Tax Deductions and Credits 

A legal name change might impact your eligibility for certain tax deductions and credits. For instance, if you changed your name due to marriage, you may become eligible for new deductions or credits available to married couples. On the other hand, if you changed your name due to divorce or other reasons, it’s crucial to reassess your eligibility for any deductions or credits you previously claimed. Additionally, you’ll need to learn about the taxability of things like alimony or child support payments. 

Retirement Accounts and Investments 

If you have retirement accounts or investments, make sure to update your name with the respective financial institutions. This ensures seamless reporting of income, contributions, and withdrawals, preventing any tax-related complications. Review beneficiary designations on retirement accounts to ensure they align with your new legal name. 

Legal Name Changes of Dependents 

These rules do not only apply to name changes for yourself. They should also apply to scenarios in which your dependent changes their name legally. If the dependent is a minor, you can notify the SSA of their name change on their behalf. If the dependent is an adopted minor, you can apply for a temporary Adoption Taxpayer Identification Number (ATIN) with the IRS. You can do this by filing Form W-7A, Application for Taxpayer Identification Number for Pending U.S Adoptions. If the adopted minor is not a U.S. citizen, you should use Form W-7, Application for IRS Individual Taxpayer Identification Number.  

Tax Help for Those with Legal Name Changes 

A legal name change is more than just a personal choice. It has implications for various aspects of your life, including your taxes. To navigate these changes smoothly, it’s crucial to proactively update your information with the Social Security Administration and other relevant institutions. By staying organized and informed, you can ensure that your tax filings accurately reflect your new legal identity, avoiding potential issues with the IRS and ensuring a smooth tax season. Optima Tax Relief is the nation’s leading tax resolution firm with over a decade of experience helping taxpayers with tough tax situations.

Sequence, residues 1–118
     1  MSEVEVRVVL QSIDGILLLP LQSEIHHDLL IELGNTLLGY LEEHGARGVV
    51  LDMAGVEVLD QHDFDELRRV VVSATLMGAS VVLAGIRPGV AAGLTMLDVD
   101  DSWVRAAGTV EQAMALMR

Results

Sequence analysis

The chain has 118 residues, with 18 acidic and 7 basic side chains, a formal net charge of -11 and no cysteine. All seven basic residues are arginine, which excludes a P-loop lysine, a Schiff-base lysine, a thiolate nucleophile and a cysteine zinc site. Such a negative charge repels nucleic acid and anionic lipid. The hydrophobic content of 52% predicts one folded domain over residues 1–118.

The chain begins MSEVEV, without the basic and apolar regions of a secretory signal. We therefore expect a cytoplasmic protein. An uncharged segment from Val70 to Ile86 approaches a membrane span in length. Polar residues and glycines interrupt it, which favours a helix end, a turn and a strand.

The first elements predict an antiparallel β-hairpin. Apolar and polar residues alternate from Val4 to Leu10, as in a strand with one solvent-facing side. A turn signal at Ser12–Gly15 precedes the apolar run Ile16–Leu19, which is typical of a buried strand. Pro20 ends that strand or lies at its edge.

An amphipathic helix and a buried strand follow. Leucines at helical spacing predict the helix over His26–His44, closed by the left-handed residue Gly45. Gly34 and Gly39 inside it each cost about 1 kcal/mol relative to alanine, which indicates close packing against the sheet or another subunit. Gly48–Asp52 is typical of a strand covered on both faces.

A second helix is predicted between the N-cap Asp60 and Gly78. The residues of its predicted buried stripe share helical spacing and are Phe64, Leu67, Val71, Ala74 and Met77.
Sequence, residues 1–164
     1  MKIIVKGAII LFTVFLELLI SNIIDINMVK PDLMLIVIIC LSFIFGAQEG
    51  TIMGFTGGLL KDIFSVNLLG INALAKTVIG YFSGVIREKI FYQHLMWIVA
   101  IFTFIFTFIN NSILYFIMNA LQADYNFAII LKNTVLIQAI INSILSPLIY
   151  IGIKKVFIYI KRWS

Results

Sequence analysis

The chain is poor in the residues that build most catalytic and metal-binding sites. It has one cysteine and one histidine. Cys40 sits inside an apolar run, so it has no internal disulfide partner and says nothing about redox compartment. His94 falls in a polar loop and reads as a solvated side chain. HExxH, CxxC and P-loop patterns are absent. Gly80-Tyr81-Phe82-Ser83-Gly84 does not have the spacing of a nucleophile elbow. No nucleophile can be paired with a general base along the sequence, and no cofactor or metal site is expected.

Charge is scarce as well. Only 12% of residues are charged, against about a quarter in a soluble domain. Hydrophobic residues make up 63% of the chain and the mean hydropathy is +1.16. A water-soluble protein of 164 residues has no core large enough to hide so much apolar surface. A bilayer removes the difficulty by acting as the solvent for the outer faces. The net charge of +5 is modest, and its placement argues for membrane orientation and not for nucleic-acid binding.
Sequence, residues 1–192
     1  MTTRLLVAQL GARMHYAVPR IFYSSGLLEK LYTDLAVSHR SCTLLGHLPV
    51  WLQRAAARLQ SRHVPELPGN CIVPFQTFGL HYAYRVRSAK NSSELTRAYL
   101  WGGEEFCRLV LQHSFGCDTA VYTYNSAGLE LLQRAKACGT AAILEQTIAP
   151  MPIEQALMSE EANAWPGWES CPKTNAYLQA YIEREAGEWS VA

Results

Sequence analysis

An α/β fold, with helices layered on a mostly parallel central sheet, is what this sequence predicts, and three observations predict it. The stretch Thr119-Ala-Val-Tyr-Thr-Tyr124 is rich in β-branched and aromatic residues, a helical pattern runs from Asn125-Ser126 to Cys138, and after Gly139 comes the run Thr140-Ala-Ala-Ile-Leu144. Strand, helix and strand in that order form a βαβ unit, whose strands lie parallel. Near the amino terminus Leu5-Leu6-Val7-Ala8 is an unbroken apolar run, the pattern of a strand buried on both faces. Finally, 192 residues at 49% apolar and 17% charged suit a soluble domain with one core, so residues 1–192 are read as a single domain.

If You Need Tax Help, Contact Us Today for a Free Consultation 

A Gold Standard in Ethics: Optima Tax Relief Triumphs at BBB International Torch Awards

Optima Tax Relief wins first ever International Torch Award for Ethics

The tax firm was recognized for its embodiment of trust and ethics in the marketplace.

Optima Tax Relief proudly announces its distinguished recognition as the sole Category 4 recipient of the Better Business Bureau (BBB) International Torch Awards for Ethics, underscoring the company’s unwavering commitment to ethical business practices. This accolade is a testament to the company’s dedication to excellence, integrity, and transparency in the tax resolution industry.

The BBB International Torch Awards for Ethics is a prestigious honor bestowed upon businesses that exemplify the highest standards of ethics and integrity. The award is divided into four categories with a single recipient for each: Category 1 (1-10 employees), Category 2 (11-99 employees), Category 3 (100-499 employees), and Category 4 (500+ employees). Optima was awarded the International Torch Award amongst 1,000 BBB regional winners from Canada, Mexico, and the U.S. that were automatically entered into the competition.

Conferred each year since 1996, the International Torch Awards for Ethics recognize companies whose leadership centers on four C’s: evaluating the Character of the organization’s leadership, fostering an authentic Culture, maintaining a transparent relationship with Customers, and assessing the impact the organization is making in the local Community. Optima Tax Relief’s commitment to maintaining these principles has set the company apart and positioned it as a leader in the industry.

This international honor comes after Optima Tax Relief’s BBB Torch Award for Ethics in 2021 and 2017. David King, CEO of Optima Tax Relief, expressed his gratitude for the award, stating, “Receiving the BBB International Torch Awards for Ethics is a significant achievement and a reflection of the values that guide Optima. Our hope has always been to set the example of what a tax “relief” company should be, and this award assures us we are on the right track.”

Christine Bui, Chief Customer Officer of Optima Tax Relief, echoed King’s sentiments, stating, “Ethics and compliance are at the core of our company culture. We believe in doing what is right for our clients and maintaining the trust they place in us. Receiving the BBB International Torch Awards for Ethics is a tremendous honor and reinforces our commitment to ethical business practices.”

The virtual award ceremony took place on November 16, 2023, at the BBB’s inaugural Trust Summit, where Optima Tax Relief was celebrated for their commitment to ethical excellence.

Details about the BBB International Torch Awards for Ethics are available at